The newlyweds faced one serious problem: Sara. Rowley’s portrait of this overbearing woman belies caricature; when Roger Waters was dreaming up The Wall, he might have modeled his “Mother” character on this invasive, controlling woman. Sara had neither tact nor delicacy where her son and daughter-in-law were concerned. Her intrusive ways ended only with her death in 1941. Initially Eleanor was meek: letters to “Cousin Sallie” are sickeningly sweet. But one must consider the era, along with the tremendous power Sara wielded over her precious boy with her bulging pocketbook.
Despite an enviable income ($290,000 annually in today’s dollars), FDR ran through money. During the couple’s honeymoon, he wrote Sara: “Then we went to Combe and Levy and ordered thousands of dollars worth of linen, 8 doz. tablecloths, six napkins… and a handkerchief.”
After Sara paid off the above bills (two years overdue), she insisted on building the couple a home beside hers. The homes were in fact attached, and Sara came and went as she pleased. The family also shared space on Campobello Island, a remote, beautiful piece of land off Maine. As Eleanor chafed, Franklin, long adept at managing his mother, easily avoided getting caught between the women, neatly eluding both.
Eleanor had more than Sara to contend with. The first four years the Roosevelt marriage were subsumed by childbearing. Their third child, Franklin, Jr., died at seven months. After the birth of John, the sixth and final Roosevelt offspring, the couple kept separate bedrooms. Rowley can offer only speculation as to why there were no more children: either the couple stopped sleeping together or discreetly used birth control.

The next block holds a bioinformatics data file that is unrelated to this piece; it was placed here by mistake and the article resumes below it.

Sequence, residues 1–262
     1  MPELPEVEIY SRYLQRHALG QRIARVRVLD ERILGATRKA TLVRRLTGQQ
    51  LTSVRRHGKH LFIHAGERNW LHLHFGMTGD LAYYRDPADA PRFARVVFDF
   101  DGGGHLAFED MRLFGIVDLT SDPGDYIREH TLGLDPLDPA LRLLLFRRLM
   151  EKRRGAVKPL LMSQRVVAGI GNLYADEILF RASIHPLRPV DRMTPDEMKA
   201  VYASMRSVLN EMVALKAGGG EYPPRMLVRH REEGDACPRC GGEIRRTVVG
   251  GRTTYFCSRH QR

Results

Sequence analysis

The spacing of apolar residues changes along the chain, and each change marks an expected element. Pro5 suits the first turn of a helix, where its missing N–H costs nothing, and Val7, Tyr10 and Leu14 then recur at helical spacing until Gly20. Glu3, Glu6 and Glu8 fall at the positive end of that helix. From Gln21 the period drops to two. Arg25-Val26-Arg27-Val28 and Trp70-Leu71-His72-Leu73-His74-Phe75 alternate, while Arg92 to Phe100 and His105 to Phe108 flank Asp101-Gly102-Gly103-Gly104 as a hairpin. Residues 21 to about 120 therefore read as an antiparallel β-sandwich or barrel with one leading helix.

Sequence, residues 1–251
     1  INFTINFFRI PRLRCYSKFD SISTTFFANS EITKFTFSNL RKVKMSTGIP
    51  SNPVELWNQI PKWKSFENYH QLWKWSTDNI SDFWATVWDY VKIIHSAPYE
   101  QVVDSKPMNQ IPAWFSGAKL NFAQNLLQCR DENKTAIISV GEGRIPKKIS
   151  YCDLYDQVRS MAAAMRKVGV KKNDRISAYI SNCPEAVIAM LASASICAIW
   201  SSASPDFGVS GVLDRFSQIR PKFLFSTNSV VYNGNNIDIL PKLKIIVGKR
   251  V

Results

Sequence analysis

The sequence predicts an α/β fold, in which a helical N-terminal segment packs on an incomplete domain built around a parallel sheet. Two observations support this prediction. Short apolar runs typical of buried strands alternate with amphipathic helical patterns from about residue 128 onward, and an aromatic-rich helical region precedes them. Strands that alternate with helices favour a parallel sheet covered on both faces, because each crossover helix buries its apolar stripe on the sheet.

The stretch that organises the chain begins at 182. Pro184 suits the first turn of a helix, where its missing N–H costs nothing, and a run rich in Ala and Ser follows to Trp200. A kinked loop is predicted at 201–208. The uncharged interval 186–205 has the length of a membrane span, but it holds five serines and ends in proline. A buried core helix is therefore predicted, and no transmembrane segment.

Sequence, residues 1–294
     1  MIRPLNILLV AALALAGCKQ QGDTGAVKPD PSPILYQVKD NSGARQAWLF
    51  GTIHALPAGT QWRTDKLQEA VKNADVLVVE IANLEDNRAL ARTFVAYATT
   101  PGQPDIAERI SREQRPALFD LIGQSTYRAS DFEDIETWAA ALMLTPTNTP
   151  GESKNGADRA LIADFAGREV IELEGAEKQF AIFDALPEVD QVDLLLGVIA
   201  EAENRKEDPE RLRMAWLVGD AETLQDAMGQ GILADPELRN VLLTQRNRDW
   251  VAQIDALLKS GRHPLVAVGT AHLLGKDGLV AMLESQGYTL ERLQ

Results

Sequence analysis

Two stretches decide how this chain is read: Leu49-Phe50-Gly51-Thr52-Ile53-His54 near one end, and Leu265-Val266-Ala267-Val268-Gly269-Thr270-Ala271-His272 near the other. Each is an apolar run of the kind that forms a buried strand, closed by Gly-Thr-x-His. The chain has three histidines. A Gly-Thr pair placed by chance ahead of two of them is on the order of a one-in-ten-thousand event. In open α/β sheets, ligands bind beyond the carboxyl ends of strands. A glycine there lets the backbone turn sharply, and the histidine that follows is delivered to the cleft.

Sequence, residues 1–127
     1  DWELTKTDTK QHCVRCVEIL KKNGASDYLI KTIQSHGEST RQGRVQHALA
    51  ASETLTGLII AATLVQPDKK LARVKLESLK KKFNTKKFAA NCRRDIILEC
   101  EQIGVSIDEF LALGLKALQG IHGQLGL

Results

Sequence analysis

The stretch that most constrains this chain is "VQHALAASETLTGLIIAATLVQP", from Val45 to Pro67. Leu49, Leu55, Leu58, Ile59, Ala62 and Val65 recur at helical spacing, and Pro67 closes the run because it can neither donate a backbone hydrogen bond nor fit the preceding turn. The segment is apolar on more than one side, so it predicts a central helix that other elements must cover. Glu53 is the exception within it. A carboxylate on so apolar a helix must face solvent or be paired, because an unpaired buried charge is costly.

In 1917, FDR had an affair with Eleanor’s social secretary, Lucy Mercer. He did little to hide the romance, and after some months, Eleanor found their letters. The affair was a watershed moment in the marriage. Eleanor offered FDR his “freedom”. Whether this meant divorce or permission to sleep with other women is unknown. Rowley writes sensitively of Eleanor’s terrible pain, FDR’s guilt, and the fallout within the family’s circle. The affair did permanent damage to the marriage, but at the urgings of Sara and Louis Howe, a newspaper reporter who gave up his career to work for FDR, the couple stayed together.
Howe was also instrumental in helping the couple deal with FDR’s polio. During the worst moments of FDR’s illness, Howe sat bedside, insisting on keeping him engaged with the events of the day. He would leave FDR’s room only to cheer the exhausted, emotionally overcome Eleanor. His devotion nearly cost him his wife, Grace, who accused him of adultery. Here is Howe’s tortured response:
“Dearest wife of mine…
I have given all my life to try and make you happy but I only make you more unhappy…So many things you don’t want—what is there that you do?
love you love you love you
Your husband” (sic)
Louis Howe wasn’t the only person whose devotion to the Roosevelts eclipsed any chance at a personal life. Through the years a number of people would literally live and die for the couple. Marguerite “Missy” LeHand, FDR’s secretary, came to work for “Effdee” as a single, pretty young woman. When her beloved “Effdee” fell ill, she sent daily letters, brightly happy notes that, like Louis Howe’s urgent bedside chats, assumed FDR’s recovery and return to politics. Though the true nature of their relationship remains unknown, Missy’s complete devotion to her boss is well-documented. Rowley writes:
“Whatever form it took, the relationship was hard on Missy. Missy was in love with a married man… She could never be open about her feelings for Franklin—not even among their friends. She could not make emotional demands on him; she was officially his secretary, his employee… She did her best to be the sunny, loving companion he wanted her to be.”
The pressures became unbearable. In 1927, on a visit to Warm Springs, a Georgia resort, Missy had a nervous breakdown. She recovered enough to resume working, following FDR to the White House. In 1941, at age 43, she suffered a massive stroke that left her unable to speak or walk. She died two years later.